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Effect of diversity of plant variety and domestic processing on the flavour chemistry of cabbage and their impact on sensory profile and consumer acceptance

Oloyede, O. O. (2018) Effect of diversity of plant variety and domestic processing on the flavour chemistry of cabbage and their impact on sensory profile and consumer acceptance. PhD thesis, University of Reading

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Abstract/Summary

Increased consumption of Brassica vegetables such as cabbage (Brassica oleracea) reduces the risk of cardiovascular diseases (CVD) and cancer mainly because of the bioactive compounds they contain. Cabbage contains high amounts of glucosinolates (GSLs) which, when hydrolysed, yield several products (such as isothiocyanates, thiocyanates, nitriles and epithionitriles), depending on the conditions of the hydrolysis process. Isothiocyanates (ITCs), one group of hydrolysis products formed from myrosinase enzyme action on glucosinolates (GLSs), are responsible for many of the health promoting properties of cabbage. In addition, GSLs, ITCs and other sulfur-containing compounds are also responsible for the bitter taste and sulfurous aromas of cabbage, which is reported to reduce consumer liking and consumption of cabbage. This thesis investigates the effect of variety and domestic cooking methods on phytochemical and volatile composition of cabbage with subsequent impact on sensory profile and consumer acceptability. The effect of variety, growing conditions and domestic cooking on the GSL-myrosinase system of cabbage was investigated. The results presented highlight significant differences in the myrosinase activity and stability, GSLs and glucosinolate hydrolysis products (GHPs) of the different cabbage types and varieties studied. Field grown cabbages with lower growing temperatures resulted in higher myrosinase activity and GSLs. The severity of the cooking method influenced the types and amounts of GHPs formed. Steaming led to denaturation of epithiospecifier protein (responsible for GSL hydrolysis to nitriles and epithionitriles) but retention of active myrosinase resulting in the formation of more beneficial ITCs than nitriles or epithionitriles. The highest concentrations of beneficial ITCs were observed in steamed white (WC1) and red (RC3) cabbage varieties. In addition to cabbage GSL-myrosinase system, other non-volatiles (amino acids, sugars and organic acids) and flavour volatiles were also analysed and their influence on sensory profile and consumer acceptability explored. Cabbage type/variety and domestic cooking influenced the types and amounts of phytochemical compounds formed. Sulfides, responsible for undesirable sulfurous aromas of cabbage were the main volatile compounds identified in raw cabbage. Cooking reduced the perception of bitter taste, and amounts of sulfurous volatiles produced, with consequent increase in consumer liking and acceptance of cabbage. Black kale was perceived to be more bitter than red cabbage even though red cabbage contained twice the amount of GSLs found in black kale. The difference in bitterness perception was related to the ratio of bitter-tasting GSLs to sweet-tasting compounds such as sugars and amino acids. The GSL-sugar/amino acid ratio for black kale was 1:4 and that of red cabbage was 1:8. The results suggest that higher amounts of sweet-tasting compounds have a masking effect on bitterness perception. To understand individual differences in bitter taste perception and consumer liking of cabbage, consumers were genotyped for their TAS2R38 and gustin rs2274333 genes which influence taster status. TAS2R38 had a significant effect on bitter taste perception and liking but the effect was not as expected and was mostly driven by the TAS2R38 rare genotype group. Gustin rs2274333 influenced bitter taste perception and liking in black kale varieties but differences were not clearly defined. Overall, it was observed that, irrespective of bitter taste genotype, cooking was the main driver of bitter taste perception as all genotypes perceived cooked cabbage significantly less bitter than raw cabbage. In conclusion, the results of this study provide helpful insights into the relationship between cabbage phytochemical composition and sensory characteristics. Breeding of cabbage varieties with high amounts of sweet-tasting compounds such as sugars without reduction in the concentration of beneficial GSLs may be a viable way of improving cabbage consumption. The study demonstrates that not only does mild cooking of cabbage enhance formation of beneficial ITCs, it also improves consumer liking and acceptability regardless of variety or bitter taste genotype.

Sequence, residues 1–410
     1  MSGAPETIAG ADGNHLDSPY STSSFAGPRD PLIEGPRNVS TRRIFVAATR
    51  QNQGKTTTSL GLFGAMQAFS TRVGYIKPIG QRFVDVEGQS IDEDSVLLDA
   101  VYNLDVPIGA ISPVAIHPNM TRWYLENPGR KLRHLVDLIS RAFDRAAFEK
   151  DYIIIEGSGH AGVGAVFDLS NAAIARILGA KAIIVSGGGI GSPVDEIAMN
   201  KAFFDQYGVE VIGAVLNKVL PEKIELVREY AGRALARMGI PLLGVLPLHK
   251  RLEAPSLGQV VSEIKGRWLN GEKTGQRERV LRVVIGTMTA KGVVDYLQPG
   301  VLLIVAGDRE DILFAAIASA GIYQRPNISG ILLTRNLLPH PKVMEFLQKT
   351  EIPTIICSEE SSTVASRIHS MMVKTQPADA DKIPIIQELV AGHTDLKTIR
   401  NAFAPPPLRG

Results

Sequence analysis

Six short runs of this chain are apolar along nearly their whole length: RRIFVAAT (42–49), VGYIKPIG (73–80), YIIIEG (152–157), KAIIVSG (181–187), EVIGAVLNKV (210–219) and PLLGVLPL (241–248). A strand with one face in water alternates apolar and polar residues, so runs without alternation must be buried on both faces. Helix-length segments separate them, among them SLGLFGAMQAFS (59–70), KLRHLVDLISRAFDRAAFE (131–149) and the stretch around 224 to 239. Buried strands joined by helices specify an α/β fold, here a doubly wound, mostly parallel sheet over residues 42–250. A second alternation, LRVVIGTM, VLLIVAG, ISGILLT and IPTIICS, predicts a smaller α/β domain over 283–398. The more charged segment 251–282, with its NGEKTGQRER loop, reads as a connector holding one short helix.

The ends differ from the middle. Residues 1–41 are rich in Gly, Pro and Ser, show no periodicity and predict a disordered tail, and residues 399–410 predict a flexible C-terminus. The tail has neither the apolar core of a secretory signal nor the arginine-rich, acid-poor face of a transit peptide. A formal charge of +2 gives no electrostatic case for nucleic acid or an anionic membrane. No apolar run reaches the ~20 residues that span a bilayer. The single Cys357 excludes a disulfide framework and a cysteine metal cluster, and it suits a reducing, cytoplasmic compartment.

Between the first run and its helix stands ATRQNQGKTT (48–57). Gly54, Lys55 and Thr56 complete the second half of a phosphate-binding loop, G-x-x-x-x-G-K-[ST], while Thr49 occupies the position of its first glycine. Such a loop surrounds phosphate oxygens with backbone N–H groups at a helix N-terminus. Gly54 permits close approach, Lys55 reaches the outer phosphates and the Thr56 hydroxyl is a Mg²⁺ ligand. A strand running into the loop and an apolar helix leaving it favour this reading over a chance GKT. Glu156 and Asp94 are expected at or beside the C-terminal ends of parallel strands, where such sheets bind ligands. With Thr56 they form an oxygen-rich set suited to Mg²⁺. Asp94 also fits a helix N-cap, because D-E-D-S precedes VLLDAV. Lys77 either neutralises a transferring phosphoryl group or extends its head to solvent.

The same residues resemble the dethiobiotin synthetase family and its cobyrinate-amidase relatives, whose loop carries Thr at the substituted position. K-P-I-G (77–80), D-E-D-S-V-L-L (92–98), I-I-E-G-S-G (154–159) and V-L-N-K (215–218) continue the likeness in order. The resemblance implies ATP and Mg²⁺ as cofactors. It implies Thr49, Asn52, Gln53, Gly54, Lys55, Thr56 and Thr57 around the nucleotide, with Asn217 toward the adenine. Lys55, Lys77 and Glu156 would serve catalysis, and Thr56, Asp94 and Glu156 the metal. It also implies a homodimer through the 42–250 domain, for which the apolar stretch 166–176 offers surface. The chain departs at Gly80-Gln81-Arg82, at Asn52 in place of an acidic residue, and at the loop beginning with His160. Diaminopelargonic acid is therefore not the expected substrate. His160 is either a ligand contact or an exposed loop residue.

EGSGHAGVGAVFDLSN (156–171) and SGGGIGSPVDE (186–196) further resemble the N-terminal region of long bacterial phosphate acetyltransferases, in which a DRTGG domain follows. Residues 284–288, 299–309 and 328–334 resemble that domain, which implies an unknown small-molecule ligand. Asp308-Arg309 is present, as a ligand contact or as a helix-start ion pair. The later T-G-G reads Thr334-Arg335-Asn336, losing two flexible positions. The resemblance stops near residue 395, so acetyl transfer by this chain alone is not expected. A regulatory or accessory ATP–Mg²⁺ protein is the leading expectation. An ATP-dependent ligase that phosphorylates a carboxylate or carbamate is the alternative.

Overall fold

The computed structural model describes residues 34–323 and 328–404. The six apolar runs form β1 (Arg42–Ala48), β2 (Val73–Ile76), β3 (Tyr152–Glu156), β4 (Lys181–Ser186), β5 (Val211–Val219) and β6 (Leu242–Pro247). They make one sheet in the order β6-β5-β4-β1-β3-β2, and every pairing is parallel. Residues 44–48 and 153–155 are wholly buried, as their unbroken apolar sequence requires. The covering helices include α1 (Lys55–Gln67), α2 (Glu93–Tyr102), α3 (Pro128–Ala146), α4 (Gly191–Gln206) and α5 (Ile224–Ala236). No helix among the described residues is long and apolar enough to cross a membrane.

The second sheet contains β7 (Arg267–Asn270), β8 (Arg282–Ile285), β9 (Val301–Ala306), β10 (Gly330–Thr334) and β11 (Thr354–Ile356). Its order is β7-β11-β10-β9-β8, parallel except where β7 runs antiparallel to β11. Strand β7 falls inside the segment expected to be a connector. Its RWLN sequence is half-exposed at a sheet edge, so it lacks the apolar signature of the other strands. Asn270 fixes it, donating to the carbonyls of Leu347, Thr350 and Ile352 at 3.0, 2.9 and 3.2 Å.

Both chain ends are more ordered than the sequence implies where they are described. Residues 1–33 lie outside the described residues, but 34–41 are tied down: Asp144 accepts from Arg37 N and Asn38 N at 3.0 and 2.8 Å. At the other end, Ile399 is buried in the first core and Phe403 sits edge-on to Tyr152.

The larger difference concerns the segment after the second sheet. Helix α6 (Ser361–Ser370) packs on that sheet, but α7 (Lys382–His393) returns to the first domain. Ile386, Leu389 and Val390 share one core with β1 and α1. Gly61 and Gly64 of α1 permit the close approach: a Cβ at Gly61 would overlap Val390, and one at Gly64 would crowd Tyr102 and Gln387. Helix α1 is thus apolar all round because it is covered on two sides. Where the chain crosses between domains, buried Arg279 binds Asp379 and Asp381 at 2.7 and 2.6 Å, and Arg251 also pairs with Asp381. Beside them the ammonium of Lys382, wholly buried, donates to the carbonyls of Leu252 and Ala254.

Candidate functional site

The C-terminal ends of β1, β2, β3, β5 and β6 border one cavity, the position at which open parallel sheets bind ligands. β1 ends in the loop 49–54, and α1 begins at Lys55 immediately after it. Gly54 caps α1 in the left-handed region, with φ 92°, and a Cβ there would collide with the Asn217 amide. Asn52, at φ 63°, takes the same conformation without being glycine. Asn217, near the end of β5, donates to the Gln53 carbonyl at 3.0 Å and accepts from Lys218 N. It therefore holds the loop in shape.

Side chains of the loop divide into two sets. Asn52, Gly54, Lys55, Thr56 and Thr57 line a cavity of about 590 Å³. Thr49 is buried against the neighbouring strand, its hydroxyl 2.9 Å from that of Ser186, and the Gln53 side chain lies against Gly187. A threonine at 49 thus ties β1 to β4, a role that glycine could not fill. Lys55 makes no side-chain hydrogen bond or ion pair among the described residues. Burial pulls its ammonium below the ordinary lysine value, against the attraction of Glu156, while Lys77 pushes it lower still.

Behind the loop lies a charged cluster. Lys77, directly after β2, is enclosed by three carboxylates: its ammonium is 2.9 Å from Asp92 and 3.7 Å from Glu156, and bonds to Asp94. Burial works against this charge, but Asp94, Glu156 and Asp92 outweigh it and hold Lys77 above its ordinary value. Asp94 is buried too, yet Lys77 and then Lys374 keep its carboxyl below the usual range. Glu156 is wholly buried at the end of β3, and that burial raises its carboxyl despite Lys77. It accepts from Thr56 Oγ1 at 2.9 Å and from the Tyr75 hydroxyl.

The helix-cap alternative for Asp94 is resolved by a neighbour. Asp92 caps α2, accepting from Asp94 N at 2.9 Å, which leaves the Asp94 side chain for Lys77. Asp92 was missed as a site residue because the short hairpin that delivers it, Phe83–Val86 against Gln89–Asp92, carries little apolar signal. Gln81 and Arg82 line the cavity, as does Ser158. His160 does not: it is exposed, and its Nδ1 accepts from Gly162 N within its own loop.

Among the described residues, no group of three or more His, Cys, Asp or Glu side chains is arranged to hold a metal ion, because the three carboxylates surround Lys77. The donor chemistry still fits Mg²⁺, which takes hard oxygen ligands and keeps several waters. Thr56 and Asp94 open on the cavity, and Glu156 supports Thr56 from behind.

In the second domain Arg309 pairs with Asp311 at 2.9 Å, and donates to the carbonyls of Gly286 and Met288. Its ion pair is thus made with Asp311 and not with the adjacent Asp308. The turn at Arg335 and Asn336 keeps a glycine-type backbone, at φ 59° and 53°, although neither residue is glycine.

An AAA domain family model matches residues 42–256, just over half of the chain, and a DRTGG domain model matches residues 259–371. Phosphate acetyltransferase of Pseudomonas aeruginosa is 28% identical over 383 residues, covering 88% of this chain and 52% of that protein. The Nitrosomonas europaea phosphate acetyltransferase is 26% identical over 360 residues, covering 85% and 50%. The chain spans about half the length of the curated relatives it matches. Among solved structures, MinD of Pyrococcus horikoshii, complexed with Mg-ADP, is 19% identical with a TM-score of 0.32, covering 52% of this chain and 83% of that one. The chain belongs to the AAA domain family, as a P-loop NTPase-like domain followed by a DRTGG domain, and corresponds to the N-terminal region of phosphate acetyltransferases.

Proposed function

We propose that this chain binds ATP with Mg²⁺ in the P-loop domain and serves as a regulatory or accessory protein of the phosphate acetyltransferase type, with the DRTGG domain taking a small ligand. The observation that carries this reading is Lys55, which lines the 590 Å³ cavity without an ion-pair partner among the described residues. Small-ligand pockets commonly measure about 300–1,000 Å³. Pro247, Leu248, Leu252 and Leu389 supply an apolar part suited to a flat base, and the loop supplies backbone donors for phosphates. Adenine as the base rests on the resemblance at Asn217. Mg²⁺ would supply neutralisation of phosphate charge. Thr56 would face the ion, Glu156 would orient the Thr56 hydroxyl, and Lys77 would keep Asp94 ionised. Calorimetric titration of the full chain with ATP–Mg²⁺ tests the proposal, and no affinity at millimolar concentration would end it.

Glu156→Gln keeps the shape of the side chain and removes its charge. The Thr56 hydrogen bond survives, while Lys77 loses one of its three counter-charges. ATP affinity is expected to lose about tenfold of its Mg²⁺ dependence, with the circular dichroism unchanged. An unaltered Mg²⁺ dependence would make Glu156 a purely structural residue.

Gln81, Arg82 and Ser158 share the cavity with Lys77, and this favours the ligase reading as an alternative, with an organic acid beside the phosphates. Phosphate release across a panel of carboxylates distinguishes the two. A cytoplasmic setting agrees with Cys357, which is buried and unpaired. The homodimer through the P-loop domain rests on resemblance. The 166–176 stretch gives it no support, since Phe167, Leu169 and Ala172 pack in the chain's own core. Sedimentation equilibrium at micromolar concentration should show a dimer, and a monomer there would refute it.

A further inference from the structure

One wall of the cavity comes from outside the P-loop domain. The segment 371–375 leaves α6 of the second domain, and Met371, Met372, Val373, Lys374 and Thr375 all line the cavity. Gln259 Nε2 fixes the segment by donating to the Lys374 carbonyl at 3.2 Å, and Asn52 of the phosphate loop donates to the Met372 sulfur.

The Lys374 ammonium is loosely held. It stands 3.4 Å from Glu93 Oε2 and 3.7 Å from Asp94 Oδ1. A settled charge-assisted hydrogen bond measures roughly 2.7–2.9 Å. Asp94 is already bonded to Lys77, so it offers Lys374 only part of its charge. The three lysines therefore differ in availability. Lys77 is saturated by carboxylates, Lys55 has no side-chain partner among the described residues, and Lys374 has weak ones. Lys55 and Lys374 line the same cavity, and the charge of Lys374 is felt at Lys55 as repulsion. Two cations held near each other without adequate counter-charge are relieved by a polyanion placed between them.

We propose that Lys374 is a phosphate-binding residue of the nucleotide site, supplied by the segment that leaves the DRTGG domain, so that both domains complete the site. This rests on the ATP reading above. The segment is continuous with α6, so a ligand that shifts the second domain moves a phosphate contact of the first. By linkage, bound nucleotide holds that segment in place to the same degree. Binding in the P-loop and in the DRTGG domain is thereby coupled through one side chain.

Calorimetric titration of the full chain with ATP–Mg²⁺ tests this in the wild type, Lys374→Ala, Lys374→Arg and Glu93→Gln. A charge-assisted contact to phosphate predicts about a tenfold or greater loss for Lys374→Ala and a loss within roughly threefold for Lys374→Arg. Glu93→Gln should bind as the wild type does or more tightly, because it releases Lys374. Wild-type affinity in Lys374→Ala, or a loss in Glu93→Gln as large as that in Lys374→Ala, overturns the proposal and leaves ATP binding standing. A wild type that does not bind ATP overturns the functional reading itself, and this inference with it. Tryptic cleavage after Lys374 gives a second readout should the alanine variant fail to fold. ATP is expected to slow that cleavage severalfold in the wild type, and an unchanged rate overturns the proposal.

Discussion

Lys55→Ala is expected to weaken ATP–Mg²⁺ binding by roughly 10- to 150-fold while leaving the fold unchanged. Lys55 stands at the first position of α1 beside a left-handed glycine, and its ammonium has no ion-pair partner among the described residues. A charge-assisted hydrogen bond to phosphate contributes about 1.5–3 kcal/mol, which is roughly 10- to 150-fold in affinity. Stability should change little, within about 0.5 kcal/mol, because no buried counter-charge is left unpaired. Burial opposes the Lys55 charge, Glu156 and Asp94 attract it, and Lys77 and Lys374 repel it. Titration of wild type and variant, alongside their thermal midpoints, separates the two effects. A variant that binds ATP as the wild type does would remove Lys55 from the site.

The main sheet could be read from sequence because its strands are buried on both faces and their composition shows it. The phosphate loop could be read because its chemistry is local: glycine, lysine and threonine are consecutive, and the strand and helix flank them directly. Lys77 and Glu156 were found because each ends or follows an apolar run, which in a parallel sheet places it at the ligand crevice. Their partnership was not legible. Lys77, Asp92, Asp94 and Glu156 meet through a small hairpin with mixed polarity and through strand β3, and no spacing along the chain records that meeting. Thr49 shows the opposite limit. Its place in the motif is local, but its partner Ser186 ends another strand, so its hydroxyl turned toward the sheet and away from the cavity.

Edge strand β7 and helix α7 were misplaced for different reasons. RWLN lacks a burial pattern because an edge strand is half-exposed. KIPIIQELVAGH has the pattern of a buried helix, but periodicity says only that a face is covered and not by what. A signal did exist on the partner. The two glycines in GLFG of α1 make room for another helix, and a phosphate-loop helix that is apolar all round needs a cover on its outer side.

Item Type:Thesis (PhD)
Thesis Supervisor:Methven, L. and Wagstaff, C.
Thesis/Report Department:Department of Food and Nutritional Sciences
Identification Number/DOI:
Divisions:Faculty of Life Sciences > School of Chemistry, Food and Pharmacy > Department of Food and Nutritional Sciences
ID Code:81555
Additional Information:Redacted version. Parts removed for copyright reasons are: the published article and conference proceeding filed at the end of the thesis.

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